Staff knew how to recognise and respond to abuse correctly. People were protected from the risk of abuse because the provider had taken reasonable steps to identify the possibility of abuse and prevent abuse from happening. Any risks associated with people’s care needs were assessed and plans were in place to minimise the risk as far as possible to keep people safe. Appropriate arrangements were in place to provide people with their medication safely.

People were supported by sufficient numbers of staff with the knowledge and skills to meet their needs. Staff respected people’s privacy and dignity and interacted with people in a caring and respectful manner.

Staff were knowledgeable about people’s choices, views and preferences and acted on what they said. However this information was not always reflected in people’s care records to ensure best practice was followed.

People voiced their opinions and had their care needs provided for in the way they wanted. Where they lacked capacity, appropriate actions had been taken to ensure decisions were made in the person’s best interests.

The majority of people were encouraged and supported with their hobbies and interests and participated in a variety of personalised meaningful activities. However people who were nursed in bed had limited interactions and meaningful engagement and were at risk of isolation.

People were supported to be able to eat and drink sufficient amounts to meet their needs. They told us they enjoyed the food and were provided with a variety of meals. People were encouraged to be as independent as possible, but where additional support was needed this was provided in a caring and respectful manner.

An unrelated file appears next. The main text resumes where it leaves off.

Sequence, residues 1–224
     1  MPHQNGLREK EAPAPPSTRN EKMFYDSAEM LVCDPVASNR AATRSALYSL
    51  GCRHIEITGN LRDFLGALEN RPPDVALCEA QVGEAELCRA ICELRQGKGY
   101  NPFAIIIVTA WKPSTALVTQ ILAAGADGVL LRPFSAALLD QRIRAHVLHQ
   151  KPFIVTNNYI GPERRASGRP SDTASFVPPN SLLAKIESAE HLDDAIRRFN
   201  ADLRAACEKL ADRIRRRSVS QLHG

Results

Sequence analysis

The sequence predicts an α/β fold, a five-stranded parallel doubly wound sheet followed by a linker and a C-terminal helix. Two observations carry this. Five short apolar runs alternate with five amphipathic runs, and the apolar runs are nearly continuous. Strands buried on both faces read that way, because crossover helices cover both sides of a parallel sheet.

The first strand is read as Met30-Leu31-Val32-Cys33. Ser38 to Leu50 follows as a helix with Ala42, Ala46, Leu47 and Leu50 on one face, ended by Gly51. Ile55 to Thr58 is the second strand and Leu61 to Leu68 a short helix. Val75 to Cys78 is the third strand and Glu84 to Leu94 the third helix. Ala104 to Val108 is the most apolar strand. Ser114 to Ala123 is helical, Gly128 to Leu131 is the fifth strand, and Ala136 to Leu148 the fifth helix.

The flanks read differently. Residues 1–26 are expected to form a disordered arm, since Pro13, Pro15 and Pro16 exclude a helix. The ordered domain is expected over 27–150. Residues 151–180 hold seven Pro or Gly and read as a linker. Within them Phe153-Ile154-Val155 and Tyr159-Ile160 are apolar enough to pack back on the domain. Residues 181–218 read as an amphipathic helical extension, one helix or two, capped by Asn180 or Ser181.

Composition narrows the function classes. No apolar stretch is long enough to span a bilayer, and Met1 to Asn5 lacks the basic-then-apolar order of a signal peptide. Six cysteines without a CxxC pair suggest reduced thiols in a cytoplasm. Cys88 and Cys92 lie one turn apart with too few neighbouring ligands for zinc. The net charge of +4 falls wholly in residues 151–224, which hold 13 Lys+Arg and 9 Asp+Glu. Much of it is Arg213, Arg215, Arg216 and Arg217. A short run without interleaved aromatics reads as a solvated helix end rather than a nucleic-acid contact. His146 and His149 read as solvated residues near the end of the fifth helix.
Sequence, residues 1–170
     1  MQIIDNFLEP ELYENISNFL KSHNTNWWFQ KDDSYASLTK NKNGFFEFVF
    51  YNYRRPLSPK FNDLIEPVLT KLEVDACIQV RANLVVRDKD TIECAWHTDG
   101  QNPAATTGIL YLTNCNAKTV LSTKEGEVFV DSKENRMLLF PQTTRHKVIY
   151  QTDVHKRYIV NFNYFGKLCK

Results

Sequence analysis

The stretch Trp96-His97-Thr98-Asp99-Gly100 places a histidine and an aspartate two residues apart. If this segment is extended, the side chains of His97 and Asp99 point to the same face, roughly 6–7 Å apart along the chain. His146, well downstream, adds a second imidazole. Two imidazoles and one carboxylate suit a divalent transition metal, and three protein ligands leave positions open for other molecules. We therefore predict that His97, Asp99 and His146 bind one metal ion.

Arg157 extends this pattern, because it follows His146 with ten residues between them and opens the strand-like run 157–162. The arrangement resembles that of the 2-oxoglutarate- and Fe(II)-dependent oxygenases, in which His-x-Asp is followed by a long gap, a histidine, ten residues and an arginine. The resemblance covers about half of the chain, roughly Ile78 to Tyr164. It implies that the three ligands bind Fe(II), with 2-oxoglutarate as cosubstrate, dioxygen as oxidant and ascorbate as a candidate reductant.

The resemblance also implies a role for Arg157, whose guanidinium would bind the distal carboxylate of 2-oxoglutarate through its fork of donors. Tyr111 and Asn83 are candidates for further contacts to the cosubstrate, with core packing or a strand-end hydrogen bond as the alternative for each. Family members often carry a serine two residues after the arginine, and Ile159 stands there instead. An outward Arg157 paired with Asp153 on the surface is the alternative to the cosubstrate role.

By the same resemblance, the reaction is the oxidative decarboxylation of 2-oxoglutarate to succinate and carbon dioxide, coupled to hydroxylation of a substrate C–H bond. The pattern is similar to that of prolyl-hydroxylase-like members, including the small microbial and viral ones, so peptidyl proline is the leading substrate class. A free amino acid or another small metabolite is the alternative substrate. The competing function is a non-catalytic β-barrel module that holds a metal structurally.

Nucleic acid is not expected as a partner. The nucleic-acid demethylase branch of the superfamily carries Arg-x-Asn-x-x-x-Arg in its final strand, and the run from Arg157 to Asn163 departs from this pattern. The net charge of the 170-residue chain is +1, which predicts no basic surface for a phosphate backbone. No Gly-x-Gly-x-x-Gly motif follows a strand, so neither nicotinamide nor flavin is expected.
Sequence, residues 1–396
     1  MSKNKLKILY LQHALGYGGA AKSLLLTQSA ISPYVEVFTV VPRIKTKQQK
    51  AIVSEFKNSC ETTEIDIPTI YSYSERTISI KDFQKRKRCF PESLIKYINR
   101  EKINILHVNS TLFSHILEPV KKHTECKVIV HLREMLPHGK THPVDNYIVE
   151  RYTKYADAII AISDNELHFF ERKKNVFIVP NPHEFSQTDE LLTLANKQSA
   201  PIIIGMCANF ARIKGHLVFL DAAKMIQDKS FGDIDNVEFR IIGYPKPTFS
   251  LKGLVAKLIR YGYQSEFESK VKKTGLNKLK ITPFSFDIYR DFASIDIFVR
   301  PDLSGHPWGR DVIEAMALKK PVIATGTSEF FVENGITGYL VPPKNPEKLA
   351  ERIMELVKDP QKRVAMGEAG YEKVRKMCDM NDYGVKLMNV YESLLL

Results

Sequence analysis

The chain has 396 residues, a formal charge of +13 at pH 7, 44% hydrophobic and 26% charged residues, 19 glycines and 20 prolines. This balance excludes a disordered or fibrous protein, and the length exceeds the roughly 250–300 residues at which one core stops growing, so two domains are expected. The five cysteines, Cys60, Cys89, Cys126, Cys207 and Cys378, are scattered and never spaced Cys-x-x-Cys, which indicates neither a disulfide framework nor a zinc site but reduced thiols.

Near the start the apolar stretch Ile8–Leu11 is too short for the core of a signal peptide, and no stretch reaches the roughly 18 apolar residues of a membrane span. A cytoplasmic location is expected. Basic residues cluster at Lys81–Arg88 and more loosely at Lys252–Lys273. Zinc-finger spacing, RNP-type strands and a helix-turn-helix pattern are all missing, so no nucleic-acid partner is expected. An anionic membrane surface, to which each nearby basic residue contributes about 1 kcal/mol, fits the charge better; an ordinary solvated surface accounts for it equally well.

People knew how to make a complaint and said that any concerns were acted on promptly and appropriately.

The management team planned, assessed and monitored the quality of care consistently. Systems were in place that encouraged feedback from people who used the service, relatives, and visiting professionals and this was used to make continual improvements to the service.

Inspection carried out on 23 April 2013

During a routine inspection

During our inspection we spoke with 11 people who lived in the service to gain their views on the level of care and support they received. We also spent time talking with three people�s relatives and attended a resident�s meeting.